When she won’t give me a copy of her comments, I’m surprised. Most people are happy to; she takes my email address instead.
When I hear the whispered conversation behind me (‘Who is she?) I understand better. I forgot to introduce myself.
She comes up with apologies and she just didn’t know how to trust but I’ve been vouched for, I’m welcome to a copy. Several of her friends around us comment on my last story, that it was well done, and I’m glad but nervous, too.
There’s a red light blinking on my phone when I come in about 6 p.m. on a Saturday night for a late shift, and it always makes me nervous, that light blinking after a story.
He tells me he needs to talk to me and I know his name — I quoted him just the other day — and I start running over words in my head: Where did I go wrong? Did I go wrong? He most have guessed this because it’s not a complaint, he adds at the end, just call him.
I do. It’s a concern he has that I’ll look into, but I can’t make any promises. But I’m relieved on a different level than just the not-a-complaint level.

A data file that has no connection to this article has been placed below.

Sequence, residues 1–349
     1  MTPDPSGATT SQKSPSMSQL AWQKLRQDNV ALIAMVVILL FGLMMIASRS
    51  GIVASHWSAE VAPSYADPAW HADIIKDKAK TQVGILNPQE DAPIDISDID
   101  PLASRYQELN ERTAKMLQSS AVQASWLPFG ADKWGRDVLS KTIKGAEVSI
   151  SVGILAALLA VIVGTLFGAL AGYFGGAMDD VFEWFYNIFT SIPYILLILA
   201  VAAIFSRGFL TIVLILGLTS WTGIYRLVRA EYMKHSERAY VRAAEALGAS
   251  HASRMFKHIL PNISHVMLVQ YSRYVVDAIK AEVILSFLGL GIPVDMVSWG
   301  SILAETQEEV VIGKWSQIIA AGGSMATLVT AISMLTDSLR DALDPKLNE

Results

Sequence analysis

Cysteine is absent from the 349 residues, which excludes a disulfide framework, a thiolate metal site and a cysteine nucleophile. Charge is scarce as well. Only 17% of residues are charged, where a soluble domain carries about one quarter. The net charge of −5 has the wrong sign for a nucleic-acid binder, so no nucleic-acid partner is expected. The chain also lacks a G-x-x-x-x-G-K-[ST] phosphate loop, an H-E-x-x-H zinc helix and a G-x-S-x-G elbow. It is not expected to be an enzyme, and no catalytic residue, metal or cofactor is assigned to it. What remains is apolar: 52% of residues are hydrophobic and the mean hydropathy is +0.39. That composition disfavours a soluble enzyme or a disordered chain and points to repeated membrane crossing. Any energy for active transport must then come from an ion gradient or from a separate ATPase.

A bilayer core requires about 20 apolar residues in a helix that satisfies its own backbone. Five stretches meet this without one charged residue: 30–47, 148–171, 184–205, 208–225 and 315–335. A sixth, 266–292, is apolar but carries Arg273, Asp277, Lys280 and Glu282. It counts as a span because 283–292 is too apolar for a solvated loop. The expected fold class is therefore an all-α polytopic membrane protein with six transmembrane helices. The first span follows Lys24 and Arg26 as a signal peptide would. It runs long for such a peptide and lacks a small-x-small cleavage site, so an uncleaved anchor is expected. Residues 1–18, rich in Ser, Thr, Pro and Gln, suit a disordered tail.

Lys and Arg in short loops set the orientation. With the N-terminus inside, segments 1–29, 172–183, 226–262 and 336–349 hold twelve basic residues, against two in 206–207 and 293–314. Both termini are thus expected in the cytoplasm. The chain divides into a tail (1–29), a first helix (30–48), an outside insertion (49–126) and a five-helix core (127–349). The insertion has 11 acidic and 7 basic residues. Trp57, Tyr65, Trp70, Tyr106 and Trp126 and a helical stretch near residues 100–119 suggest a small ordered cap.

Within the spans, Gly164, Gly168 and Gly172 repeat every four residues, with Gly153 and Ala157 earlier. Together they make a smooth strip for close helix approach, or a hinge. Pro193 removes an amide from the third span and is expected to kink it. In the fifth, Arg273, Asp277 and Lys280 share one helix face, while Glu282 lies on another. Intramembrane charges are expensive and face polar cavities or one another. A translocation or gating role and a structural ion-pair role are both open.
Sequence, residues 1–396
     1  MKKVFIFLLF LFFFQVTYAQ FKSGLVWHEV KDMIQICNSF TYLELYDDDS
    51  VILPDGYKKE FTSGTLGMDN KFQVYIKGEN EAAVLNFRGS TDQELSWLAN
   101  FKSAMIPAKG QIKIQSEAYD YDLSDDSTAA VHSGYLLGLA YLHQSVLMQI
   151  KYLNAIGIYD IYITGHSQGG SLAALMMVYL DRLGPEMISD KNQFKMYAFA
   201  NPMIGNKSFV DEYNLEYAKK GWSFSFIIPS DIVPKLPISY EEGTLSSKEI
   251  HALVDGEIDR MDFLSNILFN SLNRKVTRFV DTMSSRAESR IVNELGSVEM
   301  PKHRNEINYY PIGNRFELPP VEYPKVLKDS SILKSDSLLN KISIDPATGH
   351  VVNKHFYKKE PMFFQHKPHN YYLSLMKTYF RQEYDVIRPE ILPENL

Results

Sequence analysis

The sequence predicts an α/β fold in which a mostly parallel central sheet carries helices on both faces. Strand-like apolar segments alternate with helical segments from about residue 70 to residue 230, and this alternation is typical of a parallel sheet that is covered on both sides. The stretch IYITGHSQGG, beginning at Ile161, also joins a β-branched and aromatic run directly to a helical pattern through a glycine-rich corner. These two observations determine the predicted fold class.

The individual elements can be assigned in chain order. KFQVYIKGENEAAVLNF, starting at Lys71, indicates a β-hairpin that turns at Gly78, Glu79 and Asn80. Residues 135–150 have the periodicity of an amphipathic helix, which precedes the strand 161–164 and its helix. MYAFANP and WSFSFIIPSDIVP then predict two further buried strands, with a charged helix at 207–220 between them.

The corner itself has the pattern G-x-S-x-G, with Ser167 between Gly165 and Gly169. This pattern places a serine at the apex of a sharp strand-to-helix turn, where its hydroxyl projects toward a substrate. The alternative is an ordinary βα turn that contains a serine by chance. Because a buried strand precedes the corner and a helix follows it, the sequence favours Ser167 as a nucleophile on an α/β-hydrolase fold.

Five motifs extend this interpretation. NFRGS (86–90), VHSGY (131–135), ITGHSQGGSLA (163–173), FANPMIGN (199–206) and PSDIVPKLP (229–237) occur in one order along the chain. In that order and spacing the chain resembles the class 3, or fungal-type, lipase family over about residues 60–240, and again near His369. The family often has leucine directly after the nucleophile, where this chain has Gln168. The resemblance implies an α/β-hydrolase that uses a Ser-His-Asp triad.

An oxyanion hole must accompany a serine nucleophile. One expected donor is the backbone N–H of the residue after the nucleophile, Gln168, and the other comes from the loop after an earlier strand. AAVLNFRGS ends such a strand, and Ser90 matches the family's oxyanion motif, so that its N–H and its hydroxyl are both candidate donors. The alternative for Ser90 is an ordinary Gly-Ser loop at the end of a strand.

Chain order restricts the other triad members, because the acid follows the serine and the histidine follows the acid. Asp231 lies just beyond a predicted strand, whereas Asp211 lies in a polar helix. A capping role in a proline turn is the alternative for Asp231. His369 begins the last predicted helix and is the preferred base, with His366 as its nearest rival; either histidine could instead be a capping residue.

The man who called and the ladies who commented on that story, they’re on opposite sides of a deep divide that tears at a rural community growing out of a river. It’s got to the point where a person can barely say ‘hello’ to someone on the opposite side without it seeming suspicious, or insulting.
And somehow I have to cover this, to not only maintain neutrality and objectivity in the words I write — which isn’t that hard — but to somehow communicate that to everyone I talk to. And I can’t control perceptions. There have been days that one side or the other says something inflammatory or foolish and I quote them, and hold my breath for a backlash.
But when people from both sides are either happy with my coverage, or angry with my coverage, I know I’m pulling it off. The ladies’ comments and the man’s possible story, both show confidence in my reporting.
I’d been wondering lately, how I’ve been doing. So it’s nice to start a week knowing that yes, for now, I am doing fine.